Onassis, Novello Theatre, London

Jackie Kennedy on being shown a landmark from Aristotle Onassis’s yacht: “Wasn’t Homer born there?” Onassis: “He was. As well.” It is a droll exchange that instantly establishes the scale of the shipping tycoon’s ego. It also sets up the premise of Martin Sherman’s play, which sees in that ego’s rise and fall a tale of hubris that compares interestingly with the stories from Greek antiquity.

Unfortunately, this pithy twinning of theme and wit doesn’t continue throughout the evening. There are some sharp insights and witty exchanges but not enough to offset a stolid account of events that strains to accommodate echoes of Greek tragedy and references to fate and the gods. It is kept alive by a stellar turn from Robert Lindsay as Onassis, who brings enough energy and crackle to the part to light up Monaco single-handed.

Sherman focuses on the last decade or so of the millionaire’s life, his messy involvement with two of the most famous women in the world – Maria Callas and Jackie Kennedy – his murky business relations with the Middle East, his loathing of Bobby Kennedy and the devastating death of his son Alexandros. Was this an accident or a case of sabotage? Was it fate or did Onassis bring tragedy on himself? Interesting territory, and Sherman’s idea of linking it with Greek tragedy is a good one but it is awkwardly managed, with clunky references to Poseidon and Aphrodite. Nancy Meckler, directing, does a good job of integrating the chorus of minders and locals but even so the mix is lumpy and it is a strain to conceive of Onassis as a tragic hero.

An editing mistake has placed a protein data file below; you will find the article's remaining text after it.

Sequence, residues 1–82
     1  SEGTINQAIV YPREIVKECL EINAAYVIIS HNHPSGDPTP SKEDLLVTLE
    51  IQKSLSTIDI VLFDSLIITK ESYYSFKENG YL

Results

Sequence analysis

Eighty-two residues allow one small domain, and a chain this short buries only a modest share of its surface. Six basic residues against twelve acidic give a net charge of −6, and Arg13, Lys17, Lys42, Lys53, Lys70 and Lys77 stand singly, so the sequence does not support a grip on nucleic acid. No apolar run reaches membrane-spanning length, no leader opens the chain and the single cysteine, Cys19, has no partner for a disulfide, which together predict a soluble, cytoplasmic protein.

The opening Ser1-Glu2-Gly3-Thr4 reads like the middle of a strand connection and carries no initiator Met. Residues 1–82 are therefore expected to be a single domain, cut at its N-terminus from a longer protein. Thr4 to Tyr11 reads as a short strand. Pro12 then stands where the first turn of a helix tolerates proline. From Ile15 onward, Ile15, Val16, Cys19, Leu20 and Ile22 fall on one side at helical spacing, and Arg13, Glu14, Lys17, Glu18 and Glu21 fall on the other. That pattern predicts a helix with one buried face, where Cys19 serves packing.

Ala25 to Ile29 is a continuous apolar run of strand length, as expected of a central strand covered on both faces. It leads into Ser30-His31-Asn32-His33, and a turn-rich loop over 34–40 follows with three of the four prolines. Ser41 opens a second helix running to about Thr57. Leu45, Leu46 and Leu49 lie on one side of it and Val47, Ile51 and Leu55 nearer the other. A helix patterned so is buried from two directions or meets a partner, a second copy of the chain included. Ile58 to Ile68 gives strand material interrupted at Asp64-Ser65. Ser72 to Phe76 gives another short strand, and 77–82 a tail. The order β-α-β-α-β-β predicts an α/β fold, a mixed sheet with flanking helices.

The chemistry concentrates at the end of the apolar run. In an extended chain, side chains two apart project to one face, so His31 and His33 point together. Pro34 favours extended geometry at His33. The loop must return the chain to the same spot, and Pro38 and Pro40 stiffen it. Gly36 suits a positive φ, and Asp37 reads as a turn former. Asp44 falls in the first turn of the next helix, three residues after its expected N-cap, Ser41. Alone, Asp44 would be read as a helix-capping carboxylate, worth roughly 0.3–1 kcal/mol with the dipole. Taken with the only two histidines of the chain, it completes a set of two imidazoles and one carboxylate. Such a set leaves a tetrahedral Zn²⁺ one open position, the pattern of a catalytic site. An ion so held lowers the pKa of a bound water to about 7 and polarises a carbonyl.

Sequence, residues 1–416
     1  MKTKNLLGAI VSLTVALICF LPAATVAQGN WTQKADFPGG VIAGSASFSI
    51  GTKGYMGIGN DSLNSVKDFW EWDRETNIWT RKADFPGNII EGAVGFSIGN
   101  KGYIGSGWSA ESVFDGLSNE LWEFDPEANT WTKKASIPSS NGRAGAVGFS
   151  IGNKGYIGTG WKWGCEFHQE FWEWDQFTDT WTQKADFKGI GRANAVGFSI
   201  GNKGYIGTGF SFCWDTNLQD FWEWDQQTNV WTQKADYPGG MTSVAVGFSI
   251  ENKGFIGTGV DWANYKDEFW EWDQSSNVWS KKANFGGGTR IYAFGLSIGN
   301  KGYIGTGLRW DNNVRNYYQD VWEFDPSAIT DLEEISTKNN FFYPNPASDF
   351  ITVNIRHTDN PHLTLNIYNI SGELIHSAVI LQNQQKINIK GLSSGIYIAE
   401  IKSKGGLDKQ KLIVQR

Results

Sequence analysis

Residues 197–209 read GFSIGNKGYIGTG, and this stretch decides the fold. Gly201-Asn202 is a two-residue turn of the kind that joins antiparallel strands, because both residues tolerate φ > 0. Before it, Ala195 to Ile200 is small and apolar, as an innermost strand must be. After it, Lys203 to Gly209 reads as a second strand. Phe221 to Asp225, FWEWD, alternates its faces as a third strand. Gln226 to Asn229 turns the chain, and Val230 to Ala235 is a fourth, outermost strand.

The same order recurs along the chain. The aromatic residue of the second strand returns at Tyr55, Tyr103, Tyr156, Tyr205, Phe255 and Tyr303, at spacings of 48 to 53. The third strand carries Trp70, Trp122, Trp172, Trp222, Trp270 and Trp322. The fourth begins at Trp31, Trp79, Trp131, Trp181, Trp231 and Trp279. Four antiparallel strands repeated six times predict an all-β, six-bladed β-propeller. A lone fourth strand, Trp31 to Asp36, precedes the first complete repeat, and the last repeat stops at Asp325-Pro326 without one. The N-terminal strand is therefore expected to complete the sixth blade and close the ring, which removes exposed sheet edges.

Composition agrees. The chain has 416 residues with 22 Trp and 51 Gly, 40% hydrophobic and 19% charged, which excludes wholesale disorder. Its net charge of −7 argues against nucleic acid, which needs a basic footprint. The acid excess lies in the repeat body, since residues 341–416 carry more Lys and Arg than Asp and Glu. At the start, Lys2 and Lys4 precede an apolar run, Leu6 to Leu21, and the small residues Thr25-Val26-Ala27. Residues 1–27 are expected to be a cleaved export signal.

Matters are not helped by the fact that Jackie K is underwritten, leaving Lydia Leonard struggling to enliven her, and Anna Francolini as Maria Callas is saddled with stalking around in a kimono and ranting histrionically. There are some lovely moments: Gawn Grainger, as Onassis’s right-hand man, offers an absurdly intricate explanation of just who was bedding whom in the jet-setting world. Katrina Lindsay’s simple seascape set, which changes the mood of the waves as the play darkens, is ingenious.

And Lindsay holds the stage with a mercurial performance, switching moods instantly and alarmingly. He manages to make his man a monster, and yet still charismatic, and he invites pity with his moving portrayal of grief. But even he can’t float this boat. ()


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